|Weight||9-11 Kg (approx)|
|Life Span||12-15 Years (approx)|
The Basenji is an elegantly built, aristocratic looking dog. Basenjis are a medium sized dog; measured at the shoulder they are about- 43 cm (17 in) tall for dogs and 40 cm (16 in) for bitches and about 9.5 kg (bitches) - 11 kg (dogs) in weight. Although they are a small dog they are very strong and extremely fast.
They have short, fine, silky coats which they constantly groom like a cat. He is meticulous about his cleanliness so he only needs an occasional bath and is almost odorless.
The Basenji is a very ancient breed which dates back to the days of the Pharaohs. He is both a scenthound and a sighthound and is, to this day, highly prized by the natives in the Southern Sudan and the Democratic Republic of the Congo for hunting - primarily flushing game.
Their distinctive gait, which adds to their appeal, is a straight-legged lope, which enables them to run at a steady pace for hours. When flushing their quarry in the tall elephant grass, their hunting strategy is to leap straight up in the air, and take a quick look around for their prey when airborne. Thus one of the names they are known by to the natives is M'bwa m'kube M'bwa wamwitu which translates as the jumping up and down dog. As they do not bark like most hounds when hunting, their position is revealed to their owners by the rattling of a gourd filled with pebbles which is hung around their neck.
Their main purpose when hunting is to drive the game into nets, which are held by the waiting natives. As this hunting instinct is so strong, their immediate reaction is to chase and kill any animal or bird within sight, if not too large.
Akin to the dingo, bitches come into season usually only once a year, and puppies are born in the winter time. Like the Dingo, Basenji males also come into season, and will not mate a bitch unless he too, is in season.
The first few attempts at importing Basenjis to England were unsuccessful as the dogs had no natural immunity to distemper and died shortly after their arrival. The first successful pair were imported in 1936 and were named 'Bokoto' and 'Bongo' and they were the parents of the first English Basenji litter. They were exhibited for the first time in 1937 at Crufts Dog Show.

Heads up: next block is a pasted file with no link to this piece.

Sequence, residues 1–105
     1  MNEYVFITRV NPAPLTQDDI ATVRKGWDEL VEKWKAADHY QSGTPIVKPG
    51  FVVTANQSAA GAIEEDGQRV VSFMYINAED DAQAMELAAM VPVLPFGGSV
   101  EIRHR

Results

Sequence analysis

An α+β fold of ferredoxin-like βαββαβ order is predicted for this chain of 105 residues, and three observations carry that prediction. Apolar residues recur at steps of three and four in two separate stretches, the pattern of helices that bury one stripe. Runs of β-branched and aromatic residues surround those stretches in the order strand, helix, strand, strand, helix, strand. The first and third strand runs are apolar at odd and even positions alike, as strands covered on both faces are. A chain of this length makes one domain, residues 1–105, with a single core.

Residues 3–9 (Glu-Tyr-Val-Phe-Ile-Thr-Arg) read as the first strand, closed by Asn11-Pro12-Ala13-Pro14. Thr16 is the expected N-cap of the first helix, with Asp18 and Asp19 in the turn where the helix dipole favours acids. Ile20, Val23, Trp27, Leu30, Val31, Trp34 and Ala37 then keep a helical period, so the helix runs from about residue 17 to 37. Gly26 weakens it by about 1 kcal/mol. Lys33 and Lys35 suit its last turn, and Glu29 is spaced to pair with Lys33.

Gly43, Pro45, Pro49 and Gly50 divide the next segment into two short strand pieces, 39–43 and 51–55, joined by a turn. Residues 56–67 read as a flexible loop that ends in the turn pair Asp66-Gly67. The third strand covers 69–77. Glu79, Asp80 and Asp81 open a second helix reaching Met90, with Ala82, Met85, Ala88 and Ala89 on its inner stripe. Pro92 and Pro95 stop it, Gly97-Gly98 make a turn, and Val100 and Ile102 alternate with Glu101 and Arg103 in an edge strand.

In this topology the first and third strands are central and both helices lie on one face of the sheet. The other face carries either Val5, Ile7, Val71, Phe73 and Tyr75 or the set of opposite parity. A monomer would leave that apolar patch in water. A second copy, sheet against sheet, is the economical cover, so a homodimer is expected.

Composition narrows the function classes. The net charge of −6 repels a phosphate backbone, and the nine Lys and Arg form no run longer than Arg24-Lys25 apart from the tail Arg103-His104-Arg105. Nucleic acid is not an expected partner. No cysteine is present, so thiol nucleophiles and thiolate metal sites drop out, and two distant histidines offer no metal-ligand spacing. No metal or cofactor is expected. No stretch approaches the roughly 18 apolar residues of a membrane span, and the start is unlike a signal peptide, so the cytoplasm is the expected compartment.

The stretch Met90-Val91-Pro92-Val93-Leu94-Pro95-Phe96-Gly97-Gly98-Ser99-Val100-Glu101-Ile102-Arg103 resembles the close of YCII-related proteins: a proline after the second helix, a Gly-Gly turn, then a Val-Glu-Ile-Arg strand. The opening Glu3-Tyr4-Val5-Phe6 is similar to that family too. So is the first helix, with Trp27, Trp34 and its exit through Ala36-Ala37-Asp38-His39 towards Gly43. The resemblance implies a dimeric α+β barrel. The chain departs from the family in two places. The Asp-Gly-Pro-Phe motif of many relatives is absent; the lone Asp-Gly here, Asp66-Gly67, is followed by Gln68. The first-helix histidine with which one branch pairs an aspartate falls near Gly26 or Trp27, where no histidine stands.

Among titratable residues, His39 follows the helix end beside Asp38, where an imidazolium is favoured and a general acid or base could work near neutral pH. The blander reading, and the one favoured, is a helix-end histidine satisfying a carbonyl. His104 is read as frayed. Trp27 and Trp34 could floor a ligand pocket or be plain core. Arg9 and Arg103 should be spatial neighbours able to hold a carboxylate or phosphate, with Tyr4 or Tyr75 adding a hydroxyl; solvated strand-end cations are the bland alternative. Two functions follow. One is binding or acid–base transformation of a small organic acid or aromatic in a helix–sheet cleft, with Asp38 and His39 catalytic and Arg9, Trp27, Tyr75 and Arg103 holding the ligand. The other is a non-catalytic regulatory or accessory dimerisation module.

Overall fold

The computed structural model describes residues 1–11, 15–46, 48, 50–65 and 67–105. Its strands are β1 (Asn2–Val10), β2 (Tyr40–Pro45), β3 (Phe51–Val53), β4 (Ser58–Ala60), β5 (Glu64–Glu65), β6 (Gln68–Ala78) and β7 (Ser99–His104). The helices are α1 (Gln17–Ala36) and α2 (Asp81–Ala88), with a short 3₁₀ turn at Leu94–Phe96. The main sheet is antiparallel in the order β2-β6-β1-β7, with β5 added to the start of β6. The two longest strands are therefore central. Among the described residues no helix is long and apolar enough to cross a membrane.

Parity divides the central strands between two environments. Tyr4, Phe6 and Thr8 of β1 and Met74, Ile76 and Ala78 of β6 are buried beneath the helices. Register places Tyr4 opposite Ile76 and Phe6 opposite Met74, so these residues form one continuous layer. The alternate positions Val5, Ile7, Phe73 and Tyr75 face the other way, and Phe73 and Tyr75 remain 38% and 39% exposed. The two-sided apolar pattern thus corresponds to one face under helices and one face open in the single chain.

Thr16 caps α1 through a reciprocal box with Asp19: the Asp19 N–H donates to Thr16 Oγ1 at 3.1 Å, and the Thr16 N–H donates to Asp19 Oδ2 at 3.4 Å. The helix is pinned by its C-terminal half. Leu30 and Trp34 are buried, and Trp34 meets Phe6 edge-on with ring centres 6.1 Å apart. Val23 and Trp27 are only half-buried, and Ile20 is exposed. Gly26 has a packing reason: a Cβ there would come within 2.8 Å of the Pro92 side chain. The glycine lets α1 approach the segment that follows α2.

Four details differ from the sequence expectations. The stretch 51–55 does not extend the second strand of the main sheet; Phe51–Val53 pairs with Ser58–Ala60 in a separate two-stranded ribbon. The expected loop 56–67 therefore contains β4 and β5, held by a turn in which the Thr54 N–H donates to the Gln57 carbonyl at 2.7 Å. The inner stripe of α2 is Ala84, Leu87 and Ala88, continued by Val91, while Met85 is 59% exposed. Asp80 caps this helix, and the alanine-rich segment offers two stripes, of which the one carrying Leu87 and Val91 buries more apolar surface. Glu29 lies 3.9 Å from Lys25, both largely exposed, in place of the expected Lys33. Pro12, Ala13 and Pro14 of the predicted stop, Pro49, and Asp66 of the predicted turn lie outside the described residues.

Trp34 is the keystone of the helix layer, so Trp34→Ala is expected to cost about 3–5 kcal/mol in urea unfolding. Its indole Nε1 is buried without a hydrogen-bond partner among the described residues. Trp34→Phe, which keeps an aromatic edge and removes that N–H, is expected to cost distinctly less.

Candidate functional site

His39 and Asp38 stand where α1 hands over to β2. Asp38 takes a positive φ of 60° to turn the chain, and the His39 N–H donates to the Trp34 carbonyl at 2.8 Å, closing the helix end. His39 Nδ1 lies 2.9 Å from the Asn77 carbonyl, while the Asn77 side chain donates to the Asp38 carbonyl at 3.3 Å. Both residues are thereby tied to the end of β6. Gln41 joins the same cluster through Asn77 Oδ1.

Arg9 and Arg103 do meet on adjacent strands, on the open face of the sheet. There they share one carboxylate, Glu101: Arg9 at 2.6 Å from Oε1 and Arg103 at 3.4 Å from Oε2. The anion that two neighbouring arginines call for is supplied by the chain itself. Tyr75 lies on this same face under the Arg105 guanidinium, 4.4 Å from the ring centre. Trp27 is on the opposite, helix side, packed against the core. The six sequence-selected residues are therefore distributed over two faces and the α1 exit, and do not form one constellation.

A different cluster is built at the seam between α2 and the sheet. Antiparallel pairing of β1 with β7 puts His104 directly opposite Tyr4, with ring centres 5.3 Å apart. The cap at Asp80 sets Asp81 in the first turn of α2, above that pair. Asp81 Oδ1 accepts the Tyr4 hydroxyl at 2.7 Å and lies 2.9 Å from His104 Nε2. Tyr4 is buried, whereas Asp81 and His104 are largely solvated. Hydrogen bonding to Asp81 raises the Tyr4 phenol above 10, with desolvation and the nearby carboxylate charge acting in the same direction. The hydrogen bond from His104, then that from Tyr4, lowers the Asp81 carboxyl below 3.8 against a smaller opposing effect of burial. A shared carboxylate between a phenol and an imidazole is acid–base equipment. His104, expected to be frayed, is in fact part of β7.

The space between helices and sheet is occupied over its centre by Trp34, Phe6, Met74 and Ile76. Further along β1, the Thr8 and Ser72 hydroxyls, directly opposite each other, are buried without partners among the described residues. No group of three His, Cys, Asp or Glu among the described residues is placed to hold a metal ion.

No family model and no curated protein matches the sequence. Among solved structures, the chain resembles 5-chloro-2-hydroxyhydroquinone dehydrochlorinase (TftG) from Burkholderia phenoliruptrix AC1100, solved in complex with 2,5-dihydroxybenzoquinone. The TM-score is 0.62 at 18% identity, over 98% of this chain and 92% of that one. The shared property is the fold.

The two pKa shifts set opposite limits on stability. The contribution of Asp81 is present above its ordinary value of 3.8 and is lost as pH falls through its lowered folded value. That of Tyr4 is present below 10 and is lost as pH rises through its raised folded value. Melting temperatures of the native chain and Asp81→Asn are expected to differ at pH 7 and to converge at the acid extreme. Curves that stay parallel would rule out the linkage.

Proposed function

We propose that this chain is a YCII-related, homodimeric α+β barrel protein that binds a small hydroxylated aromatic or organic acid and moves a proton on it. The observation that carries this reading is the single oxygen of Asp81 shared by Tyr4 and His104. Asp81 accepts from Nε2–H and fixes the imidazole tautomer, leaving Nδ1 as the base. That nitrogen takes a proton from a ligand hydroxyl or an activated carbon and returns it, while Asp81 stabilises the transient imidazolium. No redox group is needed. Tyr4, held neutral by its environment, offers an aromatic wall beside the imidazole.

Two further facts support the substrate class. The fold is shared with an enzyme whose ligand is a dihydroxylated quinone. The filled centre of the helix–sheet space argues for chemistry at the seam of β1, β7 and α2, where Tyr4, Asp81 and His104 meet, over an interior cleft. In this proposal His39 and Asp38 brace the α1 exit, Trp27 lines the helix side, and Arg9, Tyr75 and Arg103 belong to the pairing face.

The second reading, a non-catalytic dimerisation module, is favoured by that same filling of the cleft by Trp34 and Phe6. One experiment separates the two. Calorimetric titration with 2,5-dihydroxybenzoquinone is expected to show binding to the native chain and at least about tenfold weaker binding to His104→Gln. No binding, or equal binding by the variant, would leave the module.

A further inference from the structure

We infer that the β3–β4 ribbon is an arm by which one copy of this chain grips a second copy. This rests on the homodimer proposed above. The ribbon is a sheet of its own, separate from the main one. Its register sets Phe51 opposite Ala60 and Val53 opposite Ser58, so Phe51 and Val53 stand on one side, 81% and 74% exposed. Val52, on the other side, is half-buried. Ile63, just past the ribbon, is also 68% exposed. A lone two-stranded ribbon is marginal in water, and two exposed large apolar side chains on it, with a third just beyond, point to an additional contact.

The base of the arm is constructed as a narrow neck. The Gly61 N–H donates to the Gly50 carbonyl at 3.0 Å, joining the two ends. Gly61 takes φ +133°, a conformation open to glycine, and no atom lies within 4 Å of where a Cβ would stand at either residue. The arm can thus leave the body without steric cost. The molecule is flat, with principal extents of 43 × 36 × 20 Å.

These non barking dogs caused such a big stir that special security forces had to be employed to keep the crowds moving past the Basenji cages. They were recognised as a purebred dog in the United States in 1943 and shortly thereafter by the International Purebred Dog Federation (FCI). Dr. Alex Caselberg imported the first Basenjis to Australia in 1948. Their names were Fanfare and Cocotte Of The Congo and were bred by Veronica Tudor Williams in the U.K.
The breed almost died out in Australia between the years 1957-1960 without any litters being born at all. After Mrs Beryl Hancock relocated from New Zealand to Australia she began importing some Basenjis from New Zealand in 1960 and so revived the interest in the breed in this country. Since then there have been many importations from the U.K, New Zealand and the U.S.A.
He is extremely intelligent, independent, alert, and affectionate to those he knows and loves, but can be rather aloof with strangers.
Basenjis must be socialised well as young puppies
Care / Grooming
Grooming with a rubber curry comb once or twice a week.
The Basenji is a sturdy little breed, and when compared to other purebred breeds has few health problems.
Some health problems to be aware of are:
PERSISTENT PUPILLARY MEMBRANES (PPM)
PROGRESSIVE RETINAL ATROPHY (PRA)